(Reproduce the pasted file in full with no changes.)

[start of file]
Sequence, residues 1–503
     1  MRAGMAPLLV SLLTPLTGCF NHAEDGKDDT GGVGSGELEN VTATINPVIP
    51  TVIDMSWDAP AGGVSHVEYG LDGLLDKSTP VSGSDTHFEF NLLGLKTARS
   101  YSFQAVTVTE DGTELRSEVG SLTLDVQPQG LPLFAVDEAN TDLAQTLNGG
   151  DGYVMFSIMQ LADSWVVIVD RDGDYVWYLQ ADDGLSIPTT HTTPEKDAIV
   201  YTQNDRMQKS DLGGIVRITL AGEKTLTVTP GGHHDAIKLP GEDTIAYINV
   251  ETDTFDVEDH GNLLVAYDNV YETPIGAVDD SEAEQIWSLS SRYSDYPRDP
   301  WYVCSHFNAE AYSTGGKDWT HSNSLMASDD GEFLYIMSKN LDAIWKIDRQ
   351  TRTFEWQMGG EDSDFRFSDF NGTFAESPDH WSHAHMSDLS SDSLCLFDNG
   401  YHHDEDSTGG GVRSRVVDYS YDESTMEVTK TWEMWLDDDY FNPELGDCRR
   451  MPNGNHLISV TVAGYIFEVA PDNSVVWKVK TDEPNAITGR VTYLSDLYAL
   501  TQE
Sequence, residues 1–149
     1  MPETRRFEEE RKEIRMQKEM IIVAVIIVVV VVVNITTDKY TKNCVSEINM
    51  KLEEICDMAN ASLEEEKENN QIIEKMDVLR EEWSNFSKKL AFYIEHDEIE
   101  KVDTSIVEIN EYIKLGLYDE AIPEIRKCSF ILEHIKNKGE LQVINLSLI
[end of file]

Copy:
Sequence, residues 1–503
     1  MRAGMAPLLV SLLTPLTGCF NHAEDGKDDT GGVGSGELEN VTATINPVIP
    51  TVIDMSWDAP AGGVSHVEYG LDGLLDKSTP VSGSDTHFEF NLLGLKTARS
   101  YSFQAVTVTE DGTELRSEVG SLTLDVQPQG LPLFAVDEAN TDLAQTLNGG
   151  DGYVMFSIMQ LADSWVVIVD RDGDYVWYLQ ADDGLSIPTT HTTPEKDAIV
   201  YTQNDRMQKS DLGGIVRITL AGEKTLTVTP GGHHDAIKLP GEDTIAYINV
   251  ETDTFDVEDH GNLLVAYDNV YETPIGAVDD SEAEQIWSLS SRYSDYPRDP
   301  WYVCSHFNAE AYSTGGKDWT HSNSLMASDD GEFLYIMSKN LDAIWKIDRQ
   351  TRTFEWQMGG EDSDFRFSDF NGTFAESPDH WSHAHMSDLS SDSLCLFDNG
   401  YHHDEDSTGG GVRSRVVDYS YDESTMEVTK TWEMWLDDDY FNPELGDCRR
   451  MPNGNHLISV TVAGYIFEVA PDNSVVWKVK TDEPNAITGR VTYLSDLYAL
   501  TQE
Sequence, residues 1–149
     1  MPETRRFEEE RKEIRMQKEM IIVAVIIVVV VVVNITTDKY TKNCVSEINM
    51  KLEEICDMAN ASLEEEKENN QIIEKMDVLR EEWSNFSKKL AFYIEHDEIE
   101  KVDTSIVEIN EYIKLGLYDE AIPEIRKCSF ILEHIKNKGE LQVINLSLI